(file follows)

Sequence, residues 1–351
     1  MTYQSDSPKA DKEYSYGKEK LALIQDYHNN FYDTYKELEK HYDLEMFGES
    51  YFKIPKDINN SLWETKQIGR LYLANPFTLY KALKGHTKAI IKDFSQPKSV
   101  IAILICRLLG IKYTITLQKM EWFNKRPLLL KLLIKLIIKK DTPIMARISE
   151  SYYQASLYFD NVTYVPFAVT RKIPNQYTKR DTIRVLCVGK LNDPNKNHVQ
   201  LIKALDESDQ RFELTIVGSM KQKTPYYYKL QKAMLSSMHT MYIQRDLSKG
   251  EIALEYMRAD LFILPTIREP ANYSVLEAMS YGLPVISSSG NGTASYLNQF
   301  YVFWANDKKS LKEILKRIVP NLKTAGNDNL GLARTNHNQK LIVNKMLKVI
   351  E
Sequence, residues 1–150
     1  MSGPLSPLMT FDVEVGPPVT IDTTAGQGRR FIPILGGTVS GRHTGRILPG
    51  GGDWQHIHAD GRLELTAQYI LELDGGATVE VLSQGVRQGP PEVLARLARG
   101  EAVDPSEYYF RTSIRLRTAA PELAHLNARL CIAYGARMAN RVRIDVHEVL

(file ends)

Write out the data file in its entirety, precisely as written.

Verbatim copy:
Sequence, residues 1–351
     1  MTYQSDSPKA DKEYSYGKEK LALIQDYHNN FYDTYKELEK HYDLEMFGES
    51  YFKIPKDINN SLWETKQIGR LYLANPFTLY KALKGHTKAI IKDFSQPKSV
   101  IAILICRLLG IKYTITLQKM EWFNKRPLLL KLLIKLIIKK DTPIMARISE
   151  SYYQASLYFD NVTYVPFAVT RKIPNQYTKR DTIRVLCVGK LNDPNKNHVQ
   201  LIKALDESDQ RFELTIVGSM KQKTPYYYKL QKAMLSSMHT MYIQRDLSKG
   251  EIALEYMRAD LFILPTIREP ANYSVLEAMS YGLPVISSSG NGTASYLNQF
   301  YVFWANDKKS LKEILKRIVP NLKTAGNDNL GLARTNHNQK LIVNKMLKVI
   351  E
Sequence, residues 1–150
     1  MSGPLSPLMT FDVEVGPPVT IDTTAGQGRR FIPILGGTVS GRHTGRILPG
    51  GGDWQHIHAD GRLELTAQYI LELDGGATVE VLSQGVRQGP PEVLARLARG
   101  EAVDPSEYYF RTSIRLRTAA PELAHLNARL CIAYGARMAN RVRIDVHEVL